We have extended these distances out and also turned them into a tag game (Face, Chase and Race).
For more fun and effective speed games, check out Complete Speed Games here.
Various Starting Positions
Instead of bringing the ground up to the athlete to create the 45 degree angle as we did with the hill work, we are now going to bring the athlete down to the ground. In bringing the athlete to the ground, we can then have them start in different positions on the ground. The body wants to get up as fast as possible. The best way to do that is to drive out in proper acceleration mechanics without having the athlete think too much about it.
Weaker athletes have an extremely tough time accelerating from a standing or 2 point position but are successful creating the acceleration form from a ground based position. Essentially, we work from the ground up. As our athletes get stronger and better mechanically, we then use the more vertical stances for our acceleration work. You would still use the distance parameters of 10-30 meters per run for your sprint workouts when you perform this drill.
Here are some examples of the various starting positions you can use:
– Laying on back
– Push-up ‘Up’ position
– Push-up ‘Down’ position
– On 1 knee (always switch)
– Seated (facing forward)
– Seated (facing Backwards)
– 3 point position
– 4 point position
– Falling start
– Position specific
Med Ball Starts
The athlete starts with both feet shoulder width apart, while holding a medicine ball at their chest. Next, have your athlete provide an explosive chest pass, trying to propel the medicine ball as far as possible. This will then cause the athlete to use their legs and drive out. The instant the ball is released, have your athlete keep that momentum going by sprinting out to 15 yards. This is a good exercise for athletes that don’t seem to be going anywhere their first couple of steps of acceleration and consequently need to become more explosive.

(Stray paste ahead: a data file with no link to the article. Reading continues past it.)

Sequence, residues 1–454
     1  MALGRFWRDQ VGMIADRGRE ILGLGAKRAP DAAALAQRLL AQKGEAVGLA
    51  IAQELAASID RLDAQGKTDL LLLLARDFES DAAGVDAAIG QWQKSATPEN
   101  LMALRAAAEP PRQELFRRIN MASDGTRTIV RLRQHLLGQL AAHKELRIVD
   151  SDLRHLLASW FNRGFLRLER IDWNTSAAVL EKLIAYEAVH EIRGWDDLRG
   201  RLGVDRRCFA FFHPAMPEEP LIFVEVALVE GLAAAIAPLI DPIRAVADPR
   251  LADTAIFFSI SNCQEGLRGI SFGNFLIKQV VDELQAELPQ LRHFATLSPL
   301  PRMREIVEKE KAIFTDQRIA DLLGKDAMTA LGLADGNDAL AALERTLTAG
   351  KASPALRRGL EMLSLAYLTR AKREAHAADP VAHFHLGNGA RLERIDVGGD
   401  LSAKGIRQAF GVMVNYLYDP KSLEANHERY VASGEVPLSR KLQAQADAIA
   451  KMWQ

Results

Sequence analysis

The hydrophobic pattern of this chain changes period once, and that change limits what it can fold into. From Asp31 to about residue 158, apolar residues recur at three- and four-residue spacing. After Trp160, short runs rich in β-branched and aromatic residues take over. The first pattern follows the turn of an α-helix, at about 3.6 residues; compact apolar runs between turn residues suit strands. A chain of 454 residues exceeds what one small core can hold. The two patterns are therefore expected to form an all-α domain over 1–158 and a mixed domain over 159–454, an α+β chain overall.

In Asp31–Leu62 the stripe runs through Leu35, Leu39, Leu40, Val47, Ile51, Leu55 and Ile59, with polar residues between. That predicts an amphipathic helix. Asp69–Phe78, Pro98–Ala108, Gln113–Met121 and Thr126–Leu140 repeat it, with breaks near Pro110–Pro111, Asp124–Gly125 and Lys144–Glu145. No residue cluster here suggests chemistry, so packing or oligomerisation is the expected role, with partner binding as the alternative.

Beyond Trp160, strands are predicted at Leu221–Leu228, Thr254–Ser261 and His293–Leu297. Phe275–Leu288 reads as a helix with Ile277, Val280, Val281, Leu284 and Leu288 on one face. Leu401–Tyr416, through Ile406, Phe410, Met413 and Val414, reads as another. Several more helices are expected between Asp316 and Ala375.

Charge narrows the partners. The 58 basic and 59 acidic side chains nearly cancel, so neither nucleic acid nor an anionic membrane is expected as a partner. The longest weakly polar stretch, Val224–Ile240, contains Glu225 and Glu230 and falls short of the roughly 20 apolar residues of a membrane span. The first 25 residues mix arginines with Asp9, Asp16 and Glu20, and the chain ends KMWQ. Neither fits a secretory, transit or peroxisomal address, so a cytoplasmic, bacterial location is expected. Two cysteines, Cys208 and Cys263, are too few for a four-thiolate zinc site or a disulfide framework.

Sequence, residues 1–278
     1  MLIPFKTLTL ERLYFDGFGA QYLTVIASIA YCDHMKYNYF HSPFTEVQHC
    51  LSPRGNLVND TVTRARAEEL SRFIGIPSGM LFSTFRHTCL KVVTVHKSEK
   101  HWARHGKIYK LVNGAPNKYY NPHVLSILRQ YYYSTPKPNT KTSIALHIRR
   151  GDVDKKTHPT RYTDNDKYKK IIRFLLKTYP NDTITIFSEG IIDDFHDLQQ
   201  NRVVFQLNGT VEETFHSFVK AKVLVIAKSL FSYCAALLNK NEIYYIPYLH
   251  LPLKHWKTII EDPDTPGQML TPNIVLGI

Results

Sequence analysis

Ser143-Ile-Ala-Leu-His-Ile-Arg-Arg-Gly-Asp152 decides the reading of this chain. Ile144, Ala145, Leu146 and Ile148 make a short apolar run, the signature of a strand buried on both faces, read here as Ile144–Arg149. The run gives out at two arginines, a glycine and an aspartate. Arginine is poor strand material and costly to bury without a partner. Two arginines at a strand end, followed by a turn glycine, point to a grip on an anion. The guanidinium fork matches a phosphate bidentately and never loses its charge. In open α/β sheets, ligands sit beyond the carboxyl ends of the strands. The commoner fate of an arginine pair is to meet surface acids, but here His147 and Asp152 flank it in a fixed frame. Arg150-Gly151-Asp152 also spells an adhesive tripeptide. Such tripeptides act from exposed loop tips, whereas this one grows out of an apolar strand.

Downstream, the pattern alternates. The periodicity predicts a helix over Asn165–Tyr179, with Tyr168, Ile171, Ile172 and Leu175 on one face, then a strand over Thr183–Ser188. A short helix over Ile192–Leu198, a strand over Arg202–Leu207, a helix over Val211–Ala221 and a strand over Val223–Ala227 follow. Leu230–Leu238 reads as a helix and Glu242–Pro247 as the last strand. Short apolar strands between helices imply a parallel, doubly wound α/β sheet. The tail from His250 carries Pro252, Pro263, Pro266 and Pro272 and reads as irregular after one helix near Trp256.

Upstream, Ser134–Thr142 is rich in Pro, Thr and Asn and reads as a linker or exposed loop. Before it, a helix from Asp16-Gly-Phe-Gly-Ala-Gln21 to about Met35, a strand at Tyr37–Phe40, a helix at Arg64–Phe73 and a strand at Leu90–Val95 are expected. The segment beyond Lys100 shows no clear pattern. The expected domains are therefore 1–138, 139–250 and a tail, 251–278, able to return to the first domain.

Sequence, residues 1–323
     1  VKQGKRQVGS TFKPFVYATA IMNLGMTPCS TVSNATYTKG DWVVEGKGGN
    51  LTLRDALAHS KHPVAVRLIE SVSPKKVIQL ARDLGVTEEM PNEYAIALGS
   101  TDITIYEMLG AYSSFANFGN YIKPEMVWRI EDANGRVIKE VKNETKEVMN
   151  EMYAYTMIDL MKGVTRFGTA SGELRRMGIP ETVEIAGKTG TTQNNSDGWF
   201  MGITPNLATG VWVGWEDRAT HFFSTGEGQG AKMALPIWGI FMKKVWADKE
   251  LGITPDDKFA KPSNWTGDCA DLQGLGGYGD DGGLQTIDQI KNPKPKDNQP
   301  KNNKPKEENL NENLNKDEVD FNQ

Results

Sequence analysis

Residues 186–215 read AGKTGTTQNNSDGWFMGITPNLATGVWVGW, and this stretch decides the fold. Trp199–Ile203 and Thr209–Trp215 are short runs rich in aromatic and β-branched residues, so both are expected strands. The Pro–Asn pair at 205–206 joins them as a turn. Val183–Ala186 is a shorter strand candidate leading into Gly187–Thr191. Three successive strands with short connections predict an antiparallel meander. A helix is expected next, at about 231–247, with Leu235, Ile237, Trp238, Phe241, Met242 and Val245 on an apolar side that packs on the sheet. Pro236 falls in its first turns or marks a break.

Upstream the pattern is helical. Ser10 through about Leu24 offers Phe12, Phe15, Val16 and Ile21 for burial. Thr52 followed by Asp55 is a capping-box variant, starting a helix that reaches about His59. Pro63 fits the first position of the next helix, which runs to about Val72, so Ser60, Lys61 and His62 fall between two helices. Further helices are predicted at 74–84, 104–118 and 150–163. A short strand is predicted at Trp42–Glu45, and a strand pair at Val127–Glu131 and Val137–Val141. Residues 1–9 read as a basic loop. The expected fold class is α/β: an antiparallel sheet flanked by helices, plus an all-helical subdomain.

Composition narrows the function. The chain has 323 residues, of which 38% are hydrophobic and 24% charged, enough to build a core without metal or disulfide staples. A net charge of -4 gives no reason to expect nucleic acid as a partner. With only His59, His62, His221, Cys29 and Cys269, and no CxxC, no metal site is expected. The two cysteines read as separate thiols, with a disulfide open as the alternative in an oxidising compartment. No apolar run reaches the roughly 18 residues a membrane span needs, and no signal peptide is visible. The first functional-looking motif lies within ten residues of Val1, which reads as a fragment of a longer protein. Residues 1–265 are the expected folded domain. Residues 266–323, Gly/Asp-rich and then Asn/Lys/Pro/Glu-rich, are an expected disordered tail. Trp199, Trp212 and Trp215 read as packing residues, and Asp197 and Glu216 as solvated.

You can start this drill having the athletes use the various starting positions as described above. The coach stands 10 feet away (this distance can be moved up or back depending on the level of athlete) with a tennis ball in his or her hand. The coach’s arm is at shoulder level held out to the side. The coach then drops the ball and once the athlete sees the ball released, he/she must catch the ball before it bounces twice.
These are great drills to work on not only acceleration mechanics but also reaction time: an extremely important characteristic in all sports.
Use the speed drills provided for acceleration. Make sure that your athletes get the most out of them by not sacrificing form in any of the drills.
About the Author:
Patrick Beith is the Owner and Founder of Athletes’ Acceleration, Inc. Patrick holds his Bachelor of Science in Exercise Physiology. He is recognized by National Strength & Conditioning Association (CSCS), National Academy of Sports Medicine (PES), American College of Sports Medicine (HFI), International Youth Conditioning Association (IYCA), as well as USA Track & Field Coaching Level II (Jumps, Sprints, Hurdles and Relays). A renowned coach, Patrick specializes in speed training & athlete development of various levels. As a performance coach, his concepts and products have helped thousands of athletes & coaches around the world. From athletic development to fitness business development – consulting, lecturing and teaching – Patrick strives to help each client achieve their goal and to reach their full potential. To learn more about Coach Beith click here.